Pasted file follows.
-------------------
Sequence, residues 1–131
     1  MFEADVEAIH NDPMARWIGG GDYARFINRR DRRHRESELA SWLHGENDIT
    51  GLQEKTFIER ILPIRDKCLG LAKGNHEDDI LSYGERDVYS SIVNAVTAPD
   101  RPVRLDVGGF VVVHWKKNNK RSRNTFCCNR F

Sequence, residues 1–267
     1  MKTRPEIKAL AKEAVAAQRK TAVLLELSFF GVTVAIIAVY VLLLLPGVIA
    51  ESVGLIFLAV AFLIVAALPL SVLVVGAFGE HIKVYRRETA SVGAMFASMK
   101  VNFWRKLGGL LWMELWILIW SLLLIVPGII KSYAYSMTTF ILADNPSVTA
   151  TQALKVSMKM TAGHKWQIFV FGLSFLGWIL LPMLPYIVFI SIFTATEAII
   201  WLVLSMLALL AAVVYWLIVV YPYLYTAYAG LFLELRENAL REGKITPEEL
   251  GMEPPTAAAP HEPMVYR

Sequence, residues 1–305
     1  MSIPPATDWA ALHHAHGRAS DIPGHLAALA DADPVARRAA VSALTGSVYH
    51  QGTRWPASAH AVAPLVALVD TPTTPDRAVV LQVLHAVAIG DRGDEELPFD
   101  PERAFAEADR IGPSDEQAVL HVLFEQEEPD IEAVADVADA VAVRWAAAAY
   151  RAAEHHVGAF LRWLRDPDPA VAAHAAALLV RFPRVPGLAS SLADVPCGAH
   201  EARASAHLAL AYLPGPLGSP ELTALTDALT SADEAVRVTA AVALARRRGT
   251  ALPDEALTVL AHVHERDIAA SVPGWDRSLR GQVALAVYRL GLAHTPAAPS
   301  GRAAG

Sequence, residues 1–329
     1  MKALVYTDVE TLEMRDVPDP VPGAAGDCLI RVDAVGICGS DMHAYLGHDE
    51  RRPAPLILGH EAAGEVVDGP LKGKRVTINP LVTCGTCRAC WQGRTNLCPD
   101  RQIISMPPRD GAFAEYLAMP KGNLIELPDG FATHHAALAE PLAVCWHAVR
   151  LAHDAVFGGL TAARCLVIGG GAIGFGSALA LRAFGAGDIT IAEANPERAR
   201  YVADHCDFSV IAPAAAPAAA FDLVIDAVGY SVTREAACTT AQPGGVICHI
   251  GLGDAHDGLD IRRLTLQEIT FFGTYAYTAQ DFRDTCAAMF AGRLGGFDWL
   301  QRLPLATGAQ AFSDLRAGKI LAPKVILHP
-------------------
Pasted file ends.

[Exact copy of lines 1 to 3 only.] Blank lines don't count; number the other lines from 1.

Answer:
Sequence, residues 1–131
     1  MFEADVEAIH NDPMARWIGG GDYARFINRR DRRHRESELA SWLHGENDIT
    51  GLQEKTFIER ILPIRDKCLG LAKGNHEDDI LSYGERDVYS SIVNAVTAPD